Helping Americans Work Again

Douglas Sutherland, Senior Economist, US Desk, Economics Department.

The economic expansion in the United States is now one of the longest on record, although it has been sluggish in comparison with previous recoveries. While job growth has reduced the unemployment rate to historically-low levels, many people still remain on the sidelines of the labour market, as shown by the low participation rates of prime age workers.

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The participation of women has increased, but many men remain out of the labour force. This is especially the case for young men with no college education and in states hit particularly hard by economic shocks, such as West Virginia where only 53% of working-age individuals participate (Varghese and Sutherland, 2018). Globalisation and automation have displaced workers, especially in the industrial heartland, and many of these workers have experienced difficulties in finding new employment. As they adjust only slowly to these shocks, these locations are characterized by high unemployment, low participation and poverty. This is partly explained by the limited amount of support provided to workers in the United States to find new jobs, compared to other OECD countries.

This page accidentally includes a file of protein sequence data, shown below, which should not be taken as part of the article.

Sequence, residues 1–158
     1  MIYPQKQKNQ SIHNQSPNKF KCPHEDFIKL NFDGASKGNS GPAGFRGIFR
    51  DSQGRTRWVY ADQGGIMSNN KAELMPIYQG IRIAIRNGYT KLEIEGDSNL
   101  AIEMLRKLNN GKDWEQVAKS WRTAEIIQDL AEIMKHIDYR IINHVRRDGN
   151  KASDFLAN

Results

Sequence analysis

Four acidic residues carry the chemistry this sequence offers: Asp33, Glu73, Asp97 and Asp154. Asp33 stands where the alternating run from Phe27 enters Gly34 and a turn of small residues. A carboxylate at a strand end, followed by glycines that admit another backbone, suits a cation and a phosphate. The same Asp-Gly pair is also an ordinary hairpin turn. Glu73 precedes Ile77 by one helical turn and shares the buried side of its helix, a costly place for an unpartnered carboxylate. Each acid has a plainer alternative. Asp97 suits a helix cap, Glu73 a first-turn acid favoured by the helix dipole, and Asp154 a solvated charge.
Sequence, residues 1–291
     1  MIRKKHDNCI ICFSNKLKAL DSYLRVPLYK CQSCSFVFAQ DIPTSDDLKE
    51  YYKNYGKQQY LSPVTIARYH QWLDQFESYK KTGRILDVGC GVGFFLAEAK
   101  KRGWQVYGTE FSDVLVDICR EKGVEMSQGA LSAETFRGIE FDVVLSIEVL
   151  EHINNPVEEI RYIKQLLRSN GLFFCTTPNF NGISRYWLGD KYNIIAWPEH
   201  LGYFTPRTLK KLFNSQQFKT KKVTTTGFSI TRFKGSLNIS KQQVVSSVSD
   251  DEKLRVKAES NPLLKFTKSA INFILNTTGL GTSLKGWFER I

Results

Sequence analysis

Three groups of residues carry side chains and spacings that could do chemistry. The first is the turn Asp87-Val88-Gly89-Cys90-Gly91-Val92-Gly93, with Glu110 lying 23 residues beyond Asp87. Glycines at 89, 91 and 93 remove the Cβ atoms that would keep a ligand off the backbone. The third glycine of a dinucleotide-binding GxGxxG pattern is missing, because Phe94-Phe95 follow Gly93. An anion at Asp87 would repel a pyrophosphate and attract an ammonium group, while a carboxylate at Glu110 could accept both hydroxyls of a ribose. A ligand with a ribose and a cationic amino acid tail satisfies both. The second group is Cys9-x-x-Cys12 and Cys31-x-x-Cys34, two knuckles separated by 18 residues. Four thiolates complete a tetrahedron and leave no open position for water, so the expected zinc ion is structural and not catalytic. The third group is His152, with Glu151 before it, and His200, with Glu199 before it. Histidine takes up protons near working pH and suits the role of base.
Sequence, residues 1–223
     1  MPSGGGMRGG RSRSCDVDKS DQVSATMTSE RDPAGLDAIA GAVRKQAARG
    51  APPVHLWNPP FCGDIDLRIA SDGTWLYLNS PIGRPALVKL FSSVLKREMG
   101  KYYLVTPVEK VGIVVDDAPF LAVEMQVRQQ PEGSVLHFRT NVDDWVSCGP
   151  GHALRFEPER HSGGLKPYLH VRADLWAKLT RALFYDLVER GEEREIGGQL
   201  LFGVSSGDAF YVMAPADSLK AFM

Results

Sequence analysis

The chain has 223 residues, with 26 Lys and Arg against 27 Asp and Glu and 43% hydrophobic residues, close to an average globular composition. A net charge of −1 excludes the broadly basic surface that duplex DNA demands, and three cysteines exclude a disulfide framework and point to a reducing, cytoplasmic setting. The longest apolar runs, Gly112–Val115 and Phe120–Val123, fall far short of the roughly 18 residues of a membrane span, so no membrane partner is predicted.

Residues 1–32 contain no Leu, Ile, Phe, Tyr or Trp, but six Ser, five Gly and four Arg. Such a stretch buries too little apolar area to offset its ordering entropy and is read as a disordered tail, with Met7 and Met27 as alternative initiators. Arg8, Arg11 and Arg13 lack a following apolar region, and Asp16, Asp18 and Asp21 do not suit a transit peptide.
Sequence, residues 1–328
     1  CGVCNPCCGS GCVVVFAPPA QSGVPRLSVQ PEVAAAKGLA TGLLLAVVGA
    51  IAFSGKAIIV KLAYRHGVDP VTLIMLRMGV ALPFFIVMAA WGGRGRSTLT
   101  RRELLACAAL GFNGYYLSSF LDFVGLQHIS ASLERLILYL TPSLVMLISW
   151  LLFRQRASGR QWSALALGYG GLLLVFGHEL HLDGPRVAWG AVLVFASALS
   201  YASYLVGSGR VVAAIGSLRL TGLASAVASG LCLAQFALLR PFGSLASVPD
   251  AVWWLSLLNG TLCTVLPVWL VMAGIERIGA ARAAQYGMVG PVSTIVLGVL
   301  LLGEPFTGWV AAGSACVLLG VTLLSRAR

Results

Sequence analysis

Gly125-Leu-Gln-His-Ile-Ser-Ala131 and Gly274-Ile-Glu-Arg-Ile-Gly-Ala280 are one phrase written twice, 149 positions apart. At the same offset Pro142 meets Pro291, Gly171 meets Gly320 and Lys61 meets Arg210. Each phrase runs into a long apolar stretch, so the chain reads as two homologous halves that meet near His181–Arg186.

The interstate migration response to employment shocks, which contributed to the reallocation of workers to places with strong job growth, appears to have diminished during the past decade. Furthermore, these migration patterns show less of a population shift to urban agglomerations than elsewhere in the OECD. One factor contributing to this is that changing jobs has become more difficult over time. One of the constraints of interstate migration has been the availability of affordable housing, particularly in booming areas (Guichard, 2018). Restrictive zoning policies appear to be hindering the provision of more affordable housing, limiting employment opportunities and ultimately undermining growth. Sprawling cities can also make accessing jobs by public transport very difficult. Improving mass transit systems where appropriate would help improve accessibility and federal spending could be used to encourage States and localities to move towards mixed-use planning permissions to address housing affordability concerns.

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References:

Guichard, S. (2018), “The Decline in US Labour Force Participation: Some Insights from Regional Divergence”, OECD Economics Department Working Papers, Forthcoming.

OECD (2018), Economic Surveys: United States, OECD Publishing, Paris.

Varghese, N. and D. Sutherland (2018), “The Impact of Individual Characteristics on Labour Market Transitions: A Pseudo Panel Approach”, OECD Economics Department Working Papers, Forthcoming.


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